Wall Street gold rush in foreclosed homes heads north
By Matthew Goldstein and Jennifer Ablan
The state of Alaska is looking to cash in on the growing demand for renting out foreclosed single-family homes.
A spokeswoman for the $40 billion Alaska Permanent Fund recently approved a $400 million investment with a California-based company that specializes in buying foreclosed homes and renting them out. Laura Achee said the fund is still negotiating the terms of the deal with American Homes 4 Rent LLC.
The Alaska fund, which is managed by a state-owned corporation, is believed to be one of the first public investment arms to sink money into the market for foreclosed homes.
Representatives for American Homes 4 Rent, which is affiliated with Malibu Management of California, didn’t return requests for comment. News of the Alaska deal was first reported by the Juneau Empire.
Back in March, we reported that institutional money was beginning to circle the market for foreclosed homes in the hopes of building a new asset class in single-family homes. We called it a new “Wall Street gold rush” and since then the interest only appears to have grown.
Asset management firm TCW is launching a $250 million fund to invest in foreclosed homes. And just last week we reported that Oliver Chang, who had been Morgan Stanley’s head of U.S. housing strategy, was leaving the investment firm to start a firm that will invest in homes in distress and/or foreclosure.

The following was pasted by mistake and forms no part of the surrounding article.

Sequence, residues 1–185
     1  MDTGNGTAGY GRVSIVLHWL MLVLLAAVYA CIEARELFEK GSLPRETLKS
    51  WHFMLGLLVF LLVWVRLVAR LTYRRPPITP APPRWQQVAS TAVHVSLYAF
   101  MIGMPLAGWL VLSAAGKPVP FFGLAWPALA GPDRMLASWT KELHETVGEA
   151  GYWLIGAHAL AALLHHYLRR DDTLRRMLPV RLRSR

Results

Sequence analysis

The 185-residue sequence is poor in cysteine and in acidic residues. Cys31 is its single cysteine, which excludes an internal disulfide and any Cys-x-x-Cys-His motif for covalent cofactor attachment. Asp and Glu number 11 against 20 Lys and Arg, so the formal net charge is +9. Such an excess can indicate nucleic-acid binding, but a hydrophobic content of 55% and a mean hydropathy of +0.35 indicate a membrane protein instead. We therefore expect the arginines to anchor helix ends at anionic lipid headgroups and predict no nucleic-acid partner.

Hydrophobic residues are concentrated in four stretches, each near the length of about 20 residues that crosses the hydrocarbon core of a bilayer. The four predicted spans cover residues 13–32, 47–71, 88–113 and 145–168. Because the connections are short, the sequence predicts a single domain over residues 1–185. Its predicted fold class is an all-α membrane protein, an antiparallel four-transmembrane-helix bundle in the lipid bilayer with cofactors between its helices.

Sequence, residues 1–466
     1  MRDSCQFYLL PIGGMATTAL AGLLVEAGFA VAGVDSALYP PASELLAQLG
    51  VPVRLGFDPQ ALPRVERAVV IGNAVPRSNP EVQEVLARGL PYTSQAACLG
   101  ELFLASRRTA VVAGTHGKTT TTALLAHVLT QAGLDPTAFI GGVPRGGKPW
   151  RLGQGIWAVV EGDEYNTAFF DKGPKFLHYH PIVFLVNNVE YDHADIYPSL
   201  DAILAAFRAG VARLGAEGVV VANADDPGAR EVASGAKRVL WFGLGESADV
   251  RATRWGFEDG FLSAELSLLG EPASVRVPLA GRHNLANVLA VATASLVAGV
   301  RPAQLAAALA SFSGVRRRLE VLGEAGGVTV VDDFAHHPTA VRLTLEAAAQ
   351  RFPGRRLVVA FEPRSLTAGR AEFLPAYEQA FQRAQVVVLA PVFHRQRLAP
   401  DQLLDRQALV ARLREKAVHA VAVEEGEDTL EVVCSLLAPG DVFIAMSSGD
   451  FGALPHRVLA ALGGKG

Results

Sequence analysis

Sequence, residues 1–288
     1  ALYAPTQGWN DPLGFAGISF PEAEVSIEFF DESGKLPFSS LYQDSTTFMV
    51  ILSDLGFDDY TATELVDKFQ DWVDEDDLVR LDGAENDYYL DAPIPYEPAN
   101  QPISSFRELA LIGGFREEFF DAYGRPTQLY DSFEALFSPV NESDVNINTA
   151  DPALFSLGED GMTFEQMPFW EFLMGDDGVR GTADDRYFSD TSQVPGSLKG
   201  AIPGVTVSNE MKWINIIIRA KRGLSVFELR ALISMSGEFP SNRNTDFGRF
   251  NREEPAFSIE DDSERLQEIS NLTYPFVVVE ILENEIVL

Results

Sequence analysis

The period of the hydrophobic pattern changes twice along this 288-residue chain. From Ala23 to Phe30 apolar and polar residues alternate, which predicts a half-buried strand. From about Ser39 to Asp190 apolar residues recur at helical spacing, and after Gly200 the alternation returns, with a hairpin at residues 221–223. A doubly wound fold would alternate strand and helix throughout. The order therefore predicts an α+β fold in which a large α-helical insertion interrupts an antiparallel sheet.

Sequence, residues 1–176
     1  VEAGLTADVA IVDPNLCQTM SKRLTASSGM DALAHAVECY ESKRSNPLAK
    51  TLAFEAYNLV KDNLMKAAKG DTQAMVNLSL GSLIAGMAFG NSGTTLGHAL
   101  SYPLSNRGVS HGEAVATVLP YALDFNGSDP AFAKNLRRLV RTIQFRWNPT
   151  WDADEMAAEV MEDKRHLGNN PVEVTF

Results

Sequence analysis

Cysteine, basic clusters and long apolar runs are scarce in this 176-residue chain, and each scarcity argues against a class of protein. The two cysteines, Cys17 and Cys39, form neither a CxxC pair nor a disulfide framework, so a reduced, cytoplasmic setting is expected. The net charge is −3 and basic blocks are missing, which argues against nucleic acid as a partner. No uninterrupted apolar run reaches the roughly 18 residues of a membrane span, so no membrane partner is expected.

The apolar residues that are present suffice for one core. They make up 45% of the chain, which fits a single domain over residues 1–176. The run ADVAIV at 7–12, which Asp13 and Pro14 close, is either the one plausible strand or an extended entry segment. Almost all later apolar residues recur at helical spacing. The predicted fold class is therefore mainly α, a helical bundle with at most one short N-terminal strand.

Also, Bank of America recently finalized a plan to sell 550 single family homes it has taken title to a group of firms looking to build a portfolio of foreclosed homes. Some of the more notable buyers of homes in that BofA bulk sale were Carrington Capital Management, Starwood Capital and Two Harbors Investment Corp. Representatives for the banks and the buyers declined to comment.
And, of course, the wait still goes on for the Federal Housing Finance Agency to announce the winning bids for a bulk sale 0f 2,500 Fannie Mae-owned homes. Sources say bid documents for that bulk sale recently went out to potential buyers and the expectation is bids that bids will be submitted to Fannie and the FHFA by mid-June.
But of all this activity, the Alaska deal may be the most intriguing because if public pensions become believers in the foreclosed home market, it could open the floodgates to a whole new source of dollars for private equity firms and hedge fund looking at the space.
If that were to happen, this burgeoning new asset class could really take off.